Emil Sieg: Tocharologica. Selected Writings on Tocharian.

Author:Hitch, Doug
Position:Book review

Emil Sieg: Tocharologica. Selected Writings on Tocharian. Edited and introduced by Georges-Jean Pinault and Michael Peyrot. Monographien zur Indischen Archaologie, Kunst und Philologie, vol. 22. Bremen: Hempen, 2014. Pp. xx + 294, 3 plates. $70.

That this book, a collection of writings related to Tocharian by Emil Sieg (1866-1951), should appear more than sixty years after his death underscores the continuing value of his work. Sieg was the undisputed master of Tocharian studies for more than four decades. As the editors Pinault and Peyrot note, serious students of Tocharian have collected or will over time probably accumulate photocopies of all of these materials. The biggest criticism of the volume may be that it did not appear two generations ago. But the delay has the benefit that we now have the useful introduction, concordance, and indices provided by the two insightful editors, who have both invested much energy in all things related to Sieg and Tocharology.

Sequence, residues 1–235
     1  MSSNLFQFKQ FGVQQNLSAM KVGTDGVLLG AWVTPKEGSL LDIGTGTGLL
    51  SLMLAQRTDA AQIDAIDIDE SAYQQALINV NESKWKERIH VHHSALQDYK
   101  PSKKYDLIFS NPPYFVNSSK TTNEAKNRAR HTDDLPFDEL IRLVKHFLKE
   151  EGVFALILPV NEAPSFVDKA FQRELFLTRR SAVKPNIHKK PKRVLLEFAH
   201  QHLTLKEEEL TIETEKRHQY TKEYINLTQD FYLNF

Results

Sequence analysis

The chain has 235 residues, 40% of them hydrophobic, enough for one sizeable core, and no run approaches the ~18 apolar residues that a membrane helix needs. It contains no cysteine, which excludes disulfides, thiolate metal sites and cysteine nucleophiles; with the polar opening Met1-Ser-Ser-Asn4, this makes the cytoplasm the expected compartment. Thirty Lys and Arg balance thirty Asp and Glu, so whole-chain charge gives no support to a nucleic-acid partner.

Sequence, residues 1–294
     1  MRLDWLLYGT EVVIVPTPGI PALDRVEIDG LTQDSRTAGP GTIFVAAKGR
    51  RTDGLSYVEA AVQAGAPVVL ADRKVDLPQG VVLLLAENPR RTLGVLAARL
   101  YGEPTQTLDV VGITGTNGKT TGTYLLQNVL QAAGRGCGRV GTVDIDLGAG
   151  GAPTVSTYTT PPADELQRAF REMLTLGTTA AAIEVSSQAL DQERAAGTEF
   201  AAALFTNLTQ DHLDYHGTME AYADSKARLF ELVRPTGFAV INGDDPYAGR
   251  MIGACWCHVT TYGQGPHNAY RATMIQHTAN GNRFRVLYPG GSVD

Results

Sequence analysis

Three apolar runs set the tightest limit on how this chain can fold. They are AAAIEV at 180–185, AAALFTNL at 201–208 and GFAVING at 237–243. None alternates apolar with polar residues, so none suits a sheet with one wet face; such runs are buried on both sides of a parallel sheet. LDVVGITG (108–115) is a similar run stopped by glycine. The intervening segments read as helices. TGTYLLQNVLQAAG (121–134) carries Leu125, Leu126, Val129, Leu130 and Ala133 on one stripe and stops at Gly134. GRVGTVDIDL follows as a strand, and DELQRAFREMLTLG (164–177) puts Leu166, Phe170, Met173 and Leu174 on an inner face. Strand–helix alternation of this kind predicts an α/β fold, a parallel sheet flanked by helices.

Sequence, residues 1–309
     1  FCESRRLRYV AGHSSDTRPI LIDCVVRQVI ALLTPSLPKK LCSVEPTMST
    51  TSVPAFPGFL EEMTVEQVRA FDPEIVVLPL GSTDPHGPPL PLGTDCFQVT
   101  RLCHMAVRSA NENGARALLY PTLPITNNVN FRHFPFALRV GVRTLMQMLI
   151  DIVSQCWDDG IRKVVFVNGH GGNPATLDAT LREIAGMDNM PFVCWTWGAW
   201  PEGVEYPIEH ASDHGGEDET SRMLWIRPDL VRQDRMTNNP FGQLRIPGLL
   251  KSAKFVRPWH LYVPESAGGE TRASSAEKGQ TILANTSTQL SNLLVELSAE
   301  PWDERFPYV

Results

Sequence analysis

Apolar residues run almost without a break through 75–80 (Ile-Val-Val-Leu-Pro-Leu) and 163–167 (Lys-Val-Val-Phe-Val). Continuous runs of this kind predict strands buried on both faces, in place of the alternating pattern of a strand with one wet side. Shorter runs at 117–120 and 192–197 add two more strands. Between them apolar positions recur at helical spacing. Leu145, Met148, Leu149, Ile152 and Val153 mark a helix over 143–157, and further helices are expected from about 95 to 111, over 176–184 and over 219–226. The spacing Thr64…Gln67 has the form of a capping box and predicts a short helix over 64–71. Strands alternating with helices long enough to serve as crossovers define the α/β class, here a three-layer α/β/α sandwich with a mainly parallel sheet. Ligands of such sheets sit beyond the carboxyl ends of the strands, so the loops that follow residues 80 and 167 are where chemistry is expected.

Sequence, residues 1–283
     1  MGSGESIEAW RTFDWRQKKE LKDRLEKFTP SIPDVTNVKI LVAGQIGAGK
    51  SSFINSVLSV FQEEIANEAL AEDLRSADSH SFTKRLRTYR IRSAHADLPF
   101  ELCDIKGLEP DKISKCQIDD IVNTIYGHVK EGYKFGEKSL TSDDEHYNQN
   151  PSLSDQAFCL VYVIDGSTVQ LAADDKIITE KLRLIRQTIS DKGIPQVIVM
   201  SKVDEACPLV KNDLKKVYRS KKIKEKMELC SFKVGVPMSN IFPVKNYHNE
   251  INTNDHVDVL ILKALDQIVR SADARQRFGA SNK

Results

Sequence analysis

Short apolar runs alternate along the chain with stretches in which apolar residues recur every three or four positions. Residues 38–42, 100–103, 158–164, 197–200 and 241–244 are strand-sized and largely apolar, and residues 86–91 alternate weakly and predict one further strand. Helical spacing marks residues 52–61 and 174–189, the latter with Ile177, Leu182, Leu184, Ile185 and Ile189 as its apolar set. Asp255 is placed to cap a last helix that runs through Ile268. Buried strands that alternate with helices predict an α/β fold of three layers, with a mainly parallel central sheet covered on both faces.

Sieg was a first-rate Indologist. His dissertation was on Vedic phonology and his Habilitationsschrift was on late Vedic exegeses of the Rgveda. He had been teaching Sanskrit in Berlin for a number of years when in 1906 Richard Pischel asked Sieg and Sieg's student Wilhelm Siegling (1880-1946) to work on the manuscripts collected by the then two German Turfan Expeditions (1902-1903, 1904-1905; there would later be two more, 1905-1907, 1913-1914). The collection contained a wide variety of documents in numerous languages and several scripts, including a large number in Brahmi in an unknown language or languages.

The recruitment of the two scholars turned out to be spectacularly fruitful. Sieg quickly produced two studies on Sanskrit grammatical works. Then in 1908, just two years after beginning work on the Turfan materials, Sieg and Siegling published their decipherment of two of the unknown languages. Their pioneering work, "Tocharisch, die Sprache der Indoskythen" (pp. 1-23), is a masterwork of scholarship. In its few pages it contains an analysis of the peculiarities of the script as well as an overview of the grammar and a transliterated folio of the Maitreyasamiti-Nataka. Sieg and Siegling had ascertained that the Turfan documents contained two related languages, still today called by their "vorlaufig" (p. 3) designations A and B. An earth-shattering result of their research was that A and B were Indo-European languages, representing a previously unknown branch of the...

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